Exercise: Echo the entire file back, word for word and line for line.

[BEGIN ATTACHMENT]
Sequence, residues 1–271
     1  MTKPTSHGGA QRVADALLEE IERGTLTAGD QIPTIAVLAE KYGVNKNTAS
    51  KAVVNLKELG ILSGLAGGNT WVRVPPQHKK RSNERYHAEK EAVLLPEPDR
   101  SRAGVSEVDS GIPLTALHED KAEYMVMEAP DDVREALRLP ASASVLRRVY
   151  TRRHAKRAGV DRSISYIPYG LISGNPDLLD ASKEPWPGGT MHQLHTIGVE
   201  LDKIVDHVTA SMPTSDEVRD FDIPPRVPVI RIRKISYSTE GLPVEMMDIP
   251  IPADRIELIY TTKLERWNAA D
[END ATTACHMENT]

Sequence, residues 1–271
     1  MTKPTSHGGA QRVADALLEE IERGTLTAGD QIPTIAVLAE KYGVNKNTAS
    51  KAVVNLKELG ILSGLAGGNT WVRVPPQHKK RSNERYHAEK EAVLLPEPDR
   101  SRAGVSEVDS GIPLTALHED KAEYMVMEAP DDVREALRLP ASASVLRRVY
   151  TRRHAKRAGV DRSISYIPYG LISGNPDLLD ASKEPWPGGT MHQLHTIGVE
   201  LDKIVDHVTA SMPTSDEVRD FDIPPRVPVI RIRKISYSTE GLPVEMMDIP
   251  IPADRIELIY TTKLERWNAA D